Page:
I’ve been Erik Durschmied’s new book, Blood of Revolution. I’m enjoying this book as I have his previous works. But I was somewhat curious about one of the chapters.
Durschmied devotes a chapter of his book to the story of Andreas Hofer and the Tyrolean resistance to Napoleon’s invasion in 1809. Durschmied seems to feel that Hofer and the Tyroleans were an inspiration to all of Europe and their example was one of the reasons for Napoleon’s eventual downfall. The reason for my surprise at this is that, despite the fact that I consider myself fairly historically literate, I’d never heard of Hofer (or the Tyrolean resistance) before this week.
I’ve always associated Napoleon’s downfall with his disastrous Russian invasion, the “bleeding ulcer” of his Spanish occupation, the stout hearted lads of the Royal Navy, and the general failure of a one man dictatorship. But maybe I’ve just been too parochial; maybe the Hofner-inspired resistance in Central Europe was a big factor as well. Or maybe it’s Durschmied who’s being parochial; he’s originally from Austria (of which Tyrol is a part) and might be giving too much credit to a hometown hero.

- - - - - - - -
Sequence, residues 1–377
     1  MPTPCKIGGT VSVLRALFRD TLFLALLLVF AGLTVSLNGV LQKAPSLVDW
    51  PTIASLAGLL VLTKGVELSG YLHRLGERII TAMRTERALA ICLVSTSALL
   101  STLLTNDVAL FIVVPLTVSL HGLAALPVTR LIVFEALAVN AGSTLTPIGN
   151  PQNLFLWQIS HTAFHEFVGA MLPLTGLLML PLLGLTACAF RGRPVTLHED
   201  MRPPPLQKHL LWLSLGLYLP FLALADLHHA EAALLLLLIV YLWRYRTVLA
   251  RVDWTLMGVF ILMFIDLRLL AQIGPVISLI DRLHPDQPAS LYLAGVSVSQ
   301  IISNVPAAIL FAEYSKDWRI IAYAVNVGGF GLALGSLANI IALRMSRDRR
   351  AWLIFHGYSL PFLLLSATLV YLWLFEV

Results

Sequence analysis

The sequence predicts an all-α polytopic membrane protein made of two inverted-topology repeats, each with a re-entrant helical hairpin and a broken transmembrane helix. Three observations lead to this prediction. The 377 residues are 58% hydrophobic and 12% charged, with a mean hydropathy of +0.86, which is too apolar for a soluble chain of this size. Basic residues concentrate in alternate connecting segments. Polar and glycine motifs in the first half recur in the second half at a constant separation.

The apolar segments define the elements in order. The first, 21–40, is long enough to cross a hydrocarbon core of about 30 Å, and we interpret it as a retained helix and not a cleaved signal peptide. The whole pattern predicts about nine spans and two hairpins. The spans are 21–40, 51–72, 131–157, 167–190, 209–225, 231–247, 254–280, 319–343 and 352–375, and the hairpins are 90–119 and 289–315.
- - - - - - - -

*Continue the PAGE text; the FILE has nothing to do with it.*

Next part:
So my question is; is Andreas Hofer a well-known figure in European history that I’ve somehow missed? Or is he just world famous in Austria?